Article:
Several actors have played Superman over the years, and Cavill is definitely one of the better ones. As blasphemous as it may sound, Cavill may even be better than Christopher Reeves, who iconically played the role in Superman (1978). While Reeves embodied the hero, his Clark Kent was basically a slapstick comedy character. Slapstick is rarely the best anything.
When Kelsey Grammer was cast as Beast in X-Men: The Last Stand (2006), fans thought it was he was the perfect choice. In all honesty, isn’t Beast just the Frasier Crane of the X-Men? While Grammer may have nailed Beast’s voice and characteristics, he couldn’t quite handle the physicality of the role. The actor just looked awkward trying to swing around like the blue furball. Fans had been waiting since the first “X-Men” movie to see Beast, but they weren’t satisfied with the middle aged, out of shape version that was delivered.
Luckily, Nicholas Hoult delivered in X-Men: First Class (2011). The younger actor was able to both act like Hank McCoy and be the Beast (even though, due to First Class‘s smaller budget, the Beast makeup effects and costume were pretty sad looking).
Not counting the old serials from the ’40s, there have been six actors to take on the role of the Dark Knight. Out of those six, Christian Bale is definitely in the top two (Keaton is too beloved to ever be dethroned). Bale definitely out performed Val Kilmer and George Clooney, who donned the cowl in Batman Forever (1995) and Batman Forever (1997) respectively. And, as much fun as Adam West was in Batman (1966), Bale’s performance was a bit more nuanced.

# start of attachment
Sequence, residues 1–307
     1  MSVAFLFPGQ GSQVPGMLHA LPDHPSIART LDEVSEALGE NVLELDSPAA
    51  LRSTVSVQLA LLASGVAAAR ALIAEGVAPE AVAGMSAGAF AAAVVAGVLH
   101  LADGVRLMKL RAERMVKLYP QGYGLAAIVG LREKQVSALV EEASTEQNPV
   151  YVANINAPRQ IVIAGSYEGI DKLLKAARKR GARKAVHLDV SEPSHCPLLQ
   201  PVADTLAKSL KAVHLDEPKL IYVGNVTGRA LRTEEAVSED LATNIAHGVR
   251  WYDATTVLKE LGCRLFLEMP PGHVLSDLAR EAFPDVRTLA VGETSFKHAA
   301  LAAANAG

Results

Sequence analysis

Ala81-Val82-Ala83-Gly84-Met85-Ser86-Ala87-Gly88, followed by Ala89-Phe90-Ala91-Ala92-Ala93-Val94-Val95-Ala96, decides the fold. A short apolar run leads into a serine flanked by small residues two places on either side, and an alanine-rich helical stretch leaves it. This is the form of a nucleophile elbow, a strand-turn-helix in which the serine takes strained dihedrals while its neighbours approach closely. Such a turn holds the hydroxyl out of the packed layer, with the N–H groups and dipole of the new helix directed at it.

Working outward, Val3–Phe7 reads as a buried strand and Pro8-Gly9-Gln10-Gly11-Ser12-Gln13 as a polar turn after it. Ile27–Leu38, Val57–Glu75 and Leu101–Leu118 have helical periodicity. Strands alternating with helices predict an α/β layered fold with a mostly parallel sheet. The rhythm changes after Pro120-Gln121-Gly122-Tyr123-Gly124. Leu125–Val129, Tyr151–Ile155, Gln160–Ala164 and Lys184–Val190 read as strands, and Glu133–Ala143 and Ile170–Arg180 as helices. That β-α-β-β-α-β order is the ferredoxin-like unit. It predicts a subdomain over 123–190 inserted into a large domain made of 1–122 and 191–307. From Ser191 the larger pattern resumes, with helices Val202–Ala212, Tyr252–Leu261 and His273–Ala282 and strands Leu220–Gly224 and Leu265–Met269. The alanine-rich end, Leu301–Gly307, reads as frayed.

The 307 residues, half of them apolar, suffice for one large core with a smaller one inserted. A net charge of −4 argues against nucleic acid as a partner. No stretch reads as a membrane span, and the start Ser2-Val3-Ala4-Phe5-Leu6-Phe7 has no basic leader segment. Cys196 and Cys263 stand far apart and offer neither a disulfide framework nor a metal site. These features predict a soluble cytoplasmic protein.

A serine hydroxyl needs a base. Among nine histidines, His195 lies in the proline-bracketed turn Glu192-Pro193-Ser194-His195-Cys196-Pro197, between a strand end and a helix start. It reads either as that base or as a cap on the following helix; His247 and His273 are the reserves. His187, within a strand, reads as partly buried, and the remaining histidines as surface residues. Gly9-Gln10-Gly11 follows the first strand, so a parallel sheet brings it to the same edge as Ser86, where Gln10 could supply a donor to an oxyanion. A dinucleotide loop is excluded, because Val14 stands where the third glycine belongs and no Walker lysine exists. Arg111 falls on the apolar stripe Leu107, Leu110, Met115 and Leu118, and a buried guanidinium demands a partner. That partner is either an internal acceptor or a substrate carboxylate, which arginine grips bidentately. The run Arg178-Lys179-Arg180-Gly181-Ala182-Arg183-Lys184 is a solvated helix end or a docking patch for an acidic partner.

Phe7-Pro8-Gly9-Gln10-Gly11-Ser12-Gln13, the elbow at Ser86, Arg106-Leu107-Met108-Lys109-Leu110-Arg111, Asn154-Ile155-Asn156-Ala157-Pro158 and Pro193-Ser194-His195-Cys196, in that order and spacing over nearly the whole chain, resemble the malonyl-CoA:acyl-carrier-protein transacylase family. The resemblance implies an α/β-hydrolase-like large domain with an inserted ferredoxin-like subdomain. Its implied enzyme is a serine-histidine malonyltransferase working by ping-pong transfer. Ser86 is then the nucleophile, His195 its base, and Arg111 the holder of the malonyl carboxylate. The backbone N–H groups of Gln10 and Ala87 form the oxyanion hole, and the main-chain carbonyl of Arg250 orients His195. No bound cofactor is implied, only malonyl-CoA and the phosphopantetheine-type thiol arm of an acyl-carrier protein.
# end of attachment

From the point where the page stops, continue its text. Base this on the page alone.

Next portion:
Of course, the most striking comparison is between Bale and Ben Affleck, who took on the roll only four years after Bale left. While Affleck’s Batman voice may have been better received than Bale’s, his performance struggled to find a balance between Bruce Wayne and his alter ego. On top of that, Affleck quickly lost interest in the role, resulting in a lackluster performance in Justice League (2017).
Back in 2005, Fox released its first Fantastic Four film, and while it isn’t necessarily beloved, it’s definitely the best cinematic take on Marvel’s first family. Ioan Gruffudd starred as Reed Richards, and he turned in a performance that was generally faithful to the comics. While his Reed Richards may have been a little more nervous than his comic book counterpart, he was still a generally likeable genius who struggled to balance his work and family life.
Then, in 2015, Fox attempted to reboot the franchise with Josh Trank’s Fan4stic (not the official title, but that’s how it appeared on the posters). The role of Reed Richards was played by Miles Teller, and while he can’t be blamed for the film’s failures, he didn’t help. Teller’s acting was most likely butchered in editing, where multiple reshoots were spliced together, resulting in an extremely uneven, and at times nonsensical, performance.
Commissioner Gordon has always been a thankless role for actors. While he’s an integral part of the Batman mythos, he’s often used as a plot device that simply exists to give Batman information on whatever crime he’s attempting to solve. That changed with Batman Begins (2005), where the character was played by Gary Oldman. His take on the character saw him as an idealistic man who had been beaten down by a corrupt system.